Glycerin, also referred to as glycerine or glycol, is a simple compound with a sweet taste. Glycerin is used in the food industry, in cosmetics and toiletries, in pharmaceutical products and botanical extracts, and as a component in antifreeze. Alternatives to glycerin are available for all of these applications. Some cheaper substitutes for glycerin in chemical applications are toxic and dangerous if present in food or cosmetic products.
Diethylene glycol, or DEG, is a liquid with a sharp sweet taste. It is naturally viscous, odorless and colorless. DEG is used as an intermediate substance in the production of chemical products such as polyurethanes, polyester resins and ethylene glycols. DEG can also be used as an antifreeze, as a humectant in tobacco, and as a solvent in cosmetics and paints. DEG can substitute for glycerin in these industrial applications, but is not approved for human consumption in many countries. The Australian government reports that DEG sold as counterfeit glycerin was found in toothpastes and cough syrups, leading to a toothpaste recall in Australia in 2007.
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Propylene glycol is a colorless, odorless liquid with similar humectant, or moisturizing, properties to glycerin. Also known as PG, propylene glycol is commonly used as a glycerin substitute in cosmetic and toiletry products because it is typically cheaper. Derived from petroleum, high-level and concentrated exposure to PG is believed to cause abnormalities of the liver, brain and kidneys. PG is found in commercially available stick deodorants, shampoos and other cosmetic products.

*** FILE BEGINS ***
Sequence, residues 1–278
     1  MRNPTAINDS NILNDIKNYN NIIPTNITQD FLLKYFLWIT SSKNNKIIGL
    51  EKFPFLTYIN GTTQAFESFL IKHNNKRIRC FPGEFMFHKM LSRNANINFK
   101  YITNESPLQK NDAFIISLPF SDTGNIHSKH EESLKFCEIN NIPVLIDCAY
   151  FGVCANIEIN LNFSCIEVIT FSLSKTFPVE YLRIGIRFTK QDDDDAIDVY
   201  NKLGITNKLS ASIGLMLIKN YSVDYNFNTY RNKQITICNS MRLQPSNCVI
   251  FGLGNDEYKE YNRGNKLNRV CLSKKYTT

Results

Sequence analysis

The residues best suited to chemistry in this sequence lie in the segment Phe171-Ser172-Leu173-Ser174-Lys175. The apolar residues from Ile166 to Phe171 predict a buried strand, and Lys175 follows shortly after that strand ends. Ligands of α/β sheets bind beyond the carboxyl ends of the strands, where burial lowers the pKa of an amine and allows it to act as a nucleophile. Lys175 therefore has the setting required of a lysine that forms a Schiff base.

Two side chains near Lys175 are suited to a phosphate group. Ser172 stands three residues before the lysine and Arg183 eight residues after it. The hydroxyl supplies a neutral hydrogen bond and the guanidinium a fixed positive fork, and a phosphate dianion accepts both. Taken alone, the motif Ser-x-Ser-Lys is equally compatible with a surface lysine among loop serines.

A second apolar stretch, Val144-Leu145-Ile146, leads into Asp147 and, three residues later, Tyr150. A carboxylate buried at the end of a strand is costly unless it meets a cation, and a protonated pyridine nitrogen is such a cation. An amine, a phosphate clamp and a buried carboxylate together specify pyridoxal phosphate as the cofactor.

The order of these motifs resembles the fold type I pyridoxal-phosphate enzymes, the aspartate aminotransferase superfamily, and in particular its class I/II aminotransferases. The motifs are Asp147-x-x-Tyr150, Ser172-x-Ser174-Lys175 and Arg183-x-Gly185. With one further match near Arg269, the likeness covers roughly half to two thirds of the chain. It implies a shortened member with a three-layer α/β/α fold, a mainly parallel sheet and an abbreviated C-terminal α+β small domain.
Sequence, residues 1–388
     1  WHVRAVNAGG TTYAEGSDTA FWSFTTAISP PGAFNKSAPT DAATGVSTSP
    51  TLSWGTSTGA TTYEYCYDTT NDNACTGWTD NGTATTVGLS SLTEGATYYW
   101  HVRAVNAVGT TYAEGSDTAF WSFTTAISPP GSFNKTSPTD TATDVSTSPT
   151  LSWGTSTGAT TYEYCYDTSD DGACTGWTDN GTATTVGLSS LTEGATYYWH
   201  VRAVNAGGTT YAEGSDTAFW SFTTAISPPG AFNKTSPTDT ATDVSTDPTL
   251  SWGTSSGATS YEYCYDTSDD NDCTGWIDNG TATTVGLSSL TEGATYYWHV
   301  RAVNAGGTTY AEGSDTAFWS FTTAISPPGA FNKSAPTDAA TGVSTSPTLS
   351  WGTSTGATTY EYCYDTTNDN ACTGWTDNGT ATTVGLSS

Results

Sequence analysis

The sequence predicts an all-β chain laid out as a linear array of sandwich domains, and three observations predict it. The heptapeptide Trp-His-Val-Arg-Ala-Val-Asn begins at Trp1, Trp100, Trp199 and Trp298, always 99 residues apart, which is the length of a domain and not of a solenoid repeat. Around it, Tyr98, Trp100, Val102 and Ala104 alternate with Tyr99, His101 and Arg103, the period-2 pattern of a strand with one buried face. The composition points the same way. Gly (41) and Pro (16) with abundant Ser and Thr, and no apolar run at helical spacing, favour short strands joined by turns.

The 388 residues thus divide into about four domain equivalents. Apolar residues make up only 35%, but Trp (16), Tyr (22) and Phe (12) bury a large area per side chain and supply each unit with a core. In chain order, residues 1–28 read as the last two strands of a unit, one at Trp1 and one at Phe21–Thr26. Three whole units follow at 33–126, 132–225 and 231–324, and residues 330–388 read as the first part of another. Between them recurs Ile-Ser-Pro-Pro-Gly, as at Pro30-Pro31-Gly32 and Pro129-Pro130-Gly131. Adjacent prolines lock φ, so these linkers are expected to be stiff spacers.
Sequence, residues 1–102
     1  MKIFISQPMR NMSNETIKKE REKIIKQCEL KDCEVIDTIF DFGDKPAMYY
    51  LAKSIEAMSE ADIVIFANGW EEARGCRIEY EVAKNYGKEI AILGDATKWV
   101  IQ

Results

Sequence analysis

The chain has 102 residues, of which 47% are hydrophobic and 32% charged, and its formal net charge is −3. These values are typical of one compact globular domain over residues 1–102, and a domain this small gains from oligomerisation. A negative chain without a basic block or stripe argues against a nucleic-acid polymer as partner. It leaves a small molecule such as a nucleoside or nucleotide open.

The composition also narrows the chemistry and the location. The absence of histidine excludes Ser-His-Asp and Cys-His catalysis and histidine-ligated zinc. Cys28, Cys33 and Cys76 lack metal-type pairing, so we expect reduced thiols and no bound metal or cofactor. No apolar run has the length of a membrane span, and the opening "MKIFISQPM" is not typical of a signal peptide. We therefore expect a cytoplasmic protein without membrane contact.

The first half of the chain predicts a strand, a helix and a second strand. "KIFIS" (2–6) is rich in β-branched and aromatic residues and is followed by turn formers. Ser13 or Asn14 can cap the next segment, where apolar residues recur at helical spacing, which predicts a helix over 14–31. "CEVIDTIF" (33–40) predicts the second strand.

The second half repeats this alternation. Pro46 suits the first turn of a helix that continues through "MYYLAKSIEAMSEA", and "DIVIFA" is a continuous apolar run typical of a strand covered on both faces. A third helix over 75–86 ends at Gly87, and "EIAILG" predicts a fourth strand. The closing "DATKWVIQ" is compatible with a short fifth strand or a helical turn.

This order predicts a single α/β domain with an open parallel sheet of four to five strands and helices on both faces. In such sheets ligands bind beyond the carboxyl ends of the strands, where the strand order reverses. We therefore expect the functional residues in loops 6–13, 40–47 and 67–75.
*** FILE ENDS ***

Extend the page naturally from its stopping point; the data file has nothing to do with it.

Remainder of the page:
Ceramides may be substituted for glycerin in skincare products such as moisturizers and lotions. EczemaNet indicates that skincare products containing glycerin may increase the dryness of your skin if you have atopic dermatitis. Using ceramides instead of glycerin in moisturizing lotions can help regulate your skin cells. Like glycerin, ceramides have a moisturizing effect, working to repair damaged skin. If your skin is particularly dry or prone to cracking, ceramides may be a good moisturizing substitute for glycerin.
Oils and Butters
Vegetable glycerin is often used as a natural skin care ingredient, according to Dinah Falconi's 1997 book "Earthly Bodies and Heavenly Hair." Glycerin substitutes include various naturally derived carrier butters and oils which have a similar moisturizing effect to glycerin. If your skin is naturally dry and the dryness is exacerbated by glycerin, you may find that shea butter, jojoba oil, cocoa butter or avocado oil are effective substitutes.